Coronavirus: the race for a vaccine

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The American company Moderna is today launching phase 3 of clinical trials on 30,000 patients, allowing the United States to join China and Europe at the head of the vaccine race. While Emmanuel Macron wants this vaccine to be a “global public good”, a billion-dollar diplomatic battle is unfolding. For economist Nathalie Coutinet, this vaccine sprint is more like “an image race”, mainly between China and the United States.

The onset of the coronavirus pandemic has kicked off a vaccine race. Initially, a hundred participants from a multitude of countries took up positions. A few months later, three companies took the lead. They are entering the last phase of clinical trials, where the product is tested on a very large sample of patients, after showing good results during the first two phases.

This Monday, July 27, the American Moderna enters phase 3 of clinical trials, joining the two other vaccine leaders, the University of Oxford, in partnership with the pharmaceutical group AstraZeneca, and the Chinese CanSino. The vaccine, which will be tested on 30,000 people, has received new aid from the US government in the amount of $472 million, bringing the overall envelope to nearly $1 billion to support research.

Billions of dollars in pre-orders

Behind this frantic competition in search of the vaccine that would make it possible to get out of the pandemic crisis, an economic race is emerging. The United States has already spent 5.5 billion dollars, divided between different laboratories, to ensure the receipt of several million doses of the vaccines, which are still only candidate vaccines. Europe, through France, Germany, Italy and the Netherlands, was quick to respond and disbursed 300 million euros to pre-reserve 300 million doses from the British pharmaceutical industry AstraZeneca. The UK has also stepped in and spent more than 100 million euros to ensure it receives the necessary doses of vaccine.

These staggering figures, which reflect an indirect form of research funding, are more of a “political strategy”, analyzes economist Nathalie Coutinet, professor at the University of Paris 13 and researcher at the Center d’économie de Paris Nord. “These pre-orders are used by pharmaceutical companies to allow them to adapt their production equipment to be able to quickly produce huge quantities of vaccines. Behind this, we see a political logic of states to tell their populations that they are able to meet their health requirements, as was the case with masks or beds in hospitals. “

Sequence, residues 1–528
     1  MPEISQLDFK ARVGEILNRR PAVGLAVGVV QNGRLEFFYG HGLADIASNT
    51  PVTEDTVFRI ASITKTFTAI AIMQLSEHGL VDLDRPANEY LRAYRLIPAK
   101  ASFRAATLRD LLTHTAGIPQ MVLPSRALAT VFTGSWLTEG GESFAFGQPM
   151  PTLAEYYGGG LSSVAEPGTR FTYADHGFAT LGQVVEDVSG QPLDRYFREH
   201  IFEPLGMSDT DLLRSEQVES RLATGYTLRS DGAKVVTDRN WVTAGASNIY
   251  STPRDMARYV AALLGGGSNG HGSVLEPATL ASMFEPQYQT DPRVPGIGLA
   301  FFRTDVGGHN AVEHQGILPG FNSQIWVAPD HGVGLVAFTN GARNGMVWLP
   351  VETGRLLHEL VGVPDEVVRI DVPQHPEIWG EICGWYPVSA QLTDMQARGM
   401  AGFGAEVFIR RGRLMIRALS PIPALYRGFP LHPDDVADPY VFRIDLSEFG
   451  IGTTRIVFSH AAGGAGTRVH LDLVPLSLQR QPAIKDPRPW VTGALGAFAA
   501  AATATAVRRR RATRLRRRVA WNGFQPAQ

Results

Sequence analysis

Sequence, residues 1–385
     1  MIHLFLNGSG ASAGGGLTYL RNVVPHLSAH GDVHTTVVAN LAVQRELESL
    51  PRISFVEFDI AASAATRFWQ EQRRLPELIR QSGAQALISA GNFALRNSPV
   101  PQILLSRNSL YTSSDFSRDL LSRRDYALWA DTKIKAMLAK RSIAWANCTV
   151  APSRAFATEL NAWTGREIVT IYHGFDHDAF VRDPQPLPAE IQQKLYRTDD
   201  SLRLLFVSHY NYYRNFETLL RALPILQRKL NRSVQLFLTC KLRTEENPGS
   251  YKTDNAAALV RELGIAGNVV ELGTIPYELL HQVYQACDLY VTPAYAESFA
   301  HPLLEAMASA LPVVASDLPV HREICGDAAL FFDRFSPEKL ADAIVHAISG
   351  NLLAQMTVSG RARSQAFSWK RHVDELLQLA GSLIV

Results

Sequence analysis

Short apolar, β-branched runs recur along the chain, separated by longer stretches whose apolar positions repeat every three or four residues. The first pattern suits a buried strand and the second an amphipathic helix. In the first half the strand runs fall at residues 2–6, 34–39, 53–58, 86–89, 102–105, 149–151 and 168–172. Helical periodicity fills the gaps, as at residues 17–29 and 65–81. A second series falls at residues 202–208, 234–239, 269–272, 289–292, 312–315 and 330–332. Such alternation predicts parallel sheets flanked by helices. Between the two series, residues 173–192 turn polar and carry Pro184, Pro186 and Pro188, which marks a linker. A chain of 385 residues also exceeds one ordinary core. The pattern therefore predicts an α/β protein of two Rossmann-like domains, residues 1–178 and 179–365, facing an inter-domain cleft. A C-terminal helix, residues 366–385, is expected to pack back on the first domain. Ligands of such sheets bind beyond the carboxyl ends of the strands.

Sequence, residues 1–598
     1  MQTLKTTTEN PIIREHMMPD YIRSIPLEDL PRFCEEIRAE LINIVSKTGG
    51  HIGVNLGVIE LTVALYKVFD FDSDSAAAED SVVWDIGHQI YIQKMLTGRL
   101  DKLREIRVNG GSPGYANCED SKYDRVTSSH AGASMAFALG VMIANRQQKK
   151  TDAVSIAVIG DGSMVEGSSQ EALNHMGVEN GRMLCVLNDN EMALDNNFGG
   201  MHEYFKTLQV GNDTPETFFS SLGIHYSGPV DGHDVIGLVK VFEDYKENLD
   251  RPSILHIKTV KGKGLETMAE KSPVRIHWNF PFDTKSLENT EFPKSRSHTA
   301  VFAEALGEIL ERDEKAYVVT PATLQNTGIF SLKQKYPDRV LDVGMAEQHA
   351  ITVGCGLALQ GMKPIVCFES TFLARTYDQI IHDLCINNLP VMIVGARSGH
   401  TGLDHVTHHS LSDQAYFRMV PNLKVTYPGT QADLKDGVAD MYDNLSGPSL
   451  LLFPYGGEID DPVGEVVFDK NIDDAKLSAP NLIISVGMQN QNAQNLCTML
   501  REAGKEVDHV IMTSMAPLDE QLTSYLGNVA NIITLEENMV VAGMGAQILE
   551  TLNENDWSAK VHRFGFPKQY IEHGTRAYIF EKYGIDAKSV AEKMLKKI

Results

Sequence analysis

The vaccine, “a global public good” for Emmanuel Macron

French president Emmanuel Macron has opted for a universalist approach to vaccine research and announced, on June 16, to defend a “vision of a global public good for what the vaccine will be”, after Donald Trump had made an agreement with the Sanofi group to buy millions of doses. “I find Macron’s incantation ridiculous,” Nathalie Coutinet says. A drug is not a common good, there are agreements that have been made and we are far from anything in common. The same thing happened with AIDS where we saw poorer countries having immense difficulties in obtaining antiretroviral drugs. “

On the laboratory side, for the moment there are two opposing views as to the economic impact of their potential future sale. On the one hand, the European and Chinese pharmaceutical companies are announcing that they will sell them at cost price, that is to say at the price of manufacture. On the other, the American vision where companies, like Pfizer, have already announced that they will not sell at cost. “This economic race behind vaccine research is above all a race for image,” says Nathalie Coutinet. This race is mainly for China and the United States to find out who has the highest capacity for innovation. Without denying the financial issues, the battle they are waging is more of an image battle. “

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